It’s certainly true that this wasn’t my first foray into the world of gobo lighting. My first, many years back, was a scary affair that almost resulted in a studio fire and did inflict several minor burns to my fingers. That gobo projector was a particularly cheap and nasty affair that should have come with a health warning!
So far, this experiment has been a far more successful affair although it does still require a degree of care when it comes to health and safety.
When a returning client arrived for a one-to-one workshop recently and presented the gobo projector in the hope of giving it a go I was a little sceptical at first but, always willing to oblige, I agreed to give it a try. On seeing the gadget I could tell immediately that this was a far better product than my original death trap. Even more impressive was the large collection of metal gobos that it came with. A good solid Bowens S mount snapped easily onto my flash units. The focussing ring was solid but nice and easy to find and operate even in low light and the gobo holder slotted into the unit easily.
True, it does get stupidly hot! With the gobo in place in its holder and some chunky glass to focus the light, this means that the light levels projected are somewhat diminished. This means that the modelling light needs to be cranked up to the max to see the effect and the flash also turned up to eleven to get a meaningful effect on your intended subject. Once setup and and in position, I opted to turn the modelling light off to keep the temperature down. Don’t think you’ll get anything approaching f8 with a 250w flash unit – more like f4 if you’re lucky. The light levels being as they are, there is a comprise to be had when it comes to how far away you can put your light. This in turn restricts how big your projection can be but for most boudoir or modelling work it’s perfectly suitable.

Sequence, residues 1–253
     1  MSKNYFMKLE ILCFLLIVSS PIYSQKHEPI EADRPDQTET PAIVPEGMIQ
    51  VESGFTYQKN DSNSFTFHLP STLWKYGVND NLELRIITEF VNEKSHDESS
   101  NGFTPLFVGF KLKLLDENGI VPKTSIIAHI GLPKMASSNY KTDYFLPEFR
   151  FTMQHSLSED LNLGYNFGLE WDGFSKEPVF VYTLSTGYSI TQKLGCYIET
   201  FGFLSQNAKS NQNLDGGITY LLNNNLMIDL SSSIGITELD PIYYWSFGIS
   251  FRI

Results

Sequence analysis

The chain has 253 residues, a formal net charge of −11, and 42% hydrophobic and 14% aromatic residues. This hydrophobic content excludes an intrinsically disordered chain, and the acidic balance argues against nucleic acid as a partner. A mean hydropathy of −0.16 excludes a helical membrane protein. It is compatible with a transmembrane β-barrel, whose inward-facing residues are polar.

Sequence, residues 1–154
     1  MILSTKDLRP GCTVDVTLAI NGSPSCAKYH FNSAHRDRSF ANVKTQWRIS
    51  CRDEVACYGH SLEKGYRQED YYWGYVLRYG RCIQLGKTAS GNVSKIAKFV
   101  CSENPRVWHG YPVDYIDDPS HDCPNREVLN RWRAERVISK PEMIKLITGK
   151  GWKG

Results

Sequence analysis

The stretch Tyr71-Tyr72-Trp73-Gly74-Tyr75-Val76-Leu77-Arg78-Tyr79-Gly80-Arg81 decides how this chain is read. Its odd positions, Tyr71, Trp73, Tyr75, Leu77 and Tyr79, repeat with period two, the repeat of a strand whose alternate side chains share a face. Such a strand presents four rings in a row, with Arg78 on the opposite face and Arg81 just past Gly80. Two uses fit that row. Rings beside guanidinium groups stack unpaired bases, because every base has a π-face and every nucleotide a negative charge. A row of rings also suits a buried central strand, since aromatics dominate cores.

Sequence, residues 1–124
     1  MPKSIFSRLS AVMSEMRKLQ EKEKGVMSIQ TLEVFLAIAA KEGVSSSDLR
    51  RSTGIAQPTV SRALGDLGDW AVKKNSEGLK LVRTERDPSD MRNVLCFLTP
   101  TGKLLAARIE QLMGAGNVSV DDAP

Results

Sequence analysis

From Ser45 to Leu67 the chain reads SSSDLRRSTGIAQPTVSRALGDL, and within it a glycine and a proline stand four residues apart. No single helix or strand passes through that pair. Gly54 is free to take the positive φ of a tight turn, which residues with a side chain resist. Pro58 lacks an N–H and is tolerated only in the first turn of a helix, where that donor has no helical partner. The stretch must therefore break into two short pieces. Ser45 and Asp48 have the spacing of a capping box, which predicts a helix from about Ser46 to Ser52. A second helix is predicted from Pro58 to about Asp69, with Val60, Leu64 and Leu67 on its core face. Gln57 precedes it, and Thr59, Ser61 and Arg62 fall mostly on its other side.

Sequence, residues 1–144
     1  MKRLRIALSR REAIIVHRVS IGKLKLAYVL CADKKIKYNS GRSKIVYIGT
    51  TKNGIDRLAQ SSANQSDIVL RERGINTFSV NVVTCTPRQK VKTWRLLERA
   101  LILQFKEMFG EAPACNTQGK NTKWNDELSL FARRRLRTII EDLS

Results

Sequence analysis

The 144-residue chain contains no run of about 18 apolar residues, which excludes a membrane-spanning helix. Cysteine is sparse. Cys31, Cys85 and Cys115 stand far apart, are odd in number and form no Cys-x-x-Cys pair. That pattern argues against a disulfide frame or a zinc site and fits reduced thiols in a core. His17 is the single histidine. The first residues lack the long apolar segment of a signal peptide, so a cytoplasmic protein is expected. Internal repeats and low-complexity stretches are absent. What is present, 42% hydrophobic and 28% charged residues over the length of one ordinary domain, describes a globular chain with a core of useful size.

On the whole I found the effect to be both pleasing, realistic and believable, particularly when it came to using the Venetian blind and lattice effect gobos.
It does of course take some practice to create realistic effects. Not for me is the idea of projecting a fake window onto a roll of background paper – I’ve seen it done a million times and it still makes me chuckle. Careful positioning and focussing though, can transform a small studio set into a believable window light environment.
Suffice to say I definitely enjoyed the challenge and result in equal measure so much so that I ordered myself the same product mid shoot and it arrived in time for my next workshop with a different client the very next day.
For now at least it may just be my favourite new toy.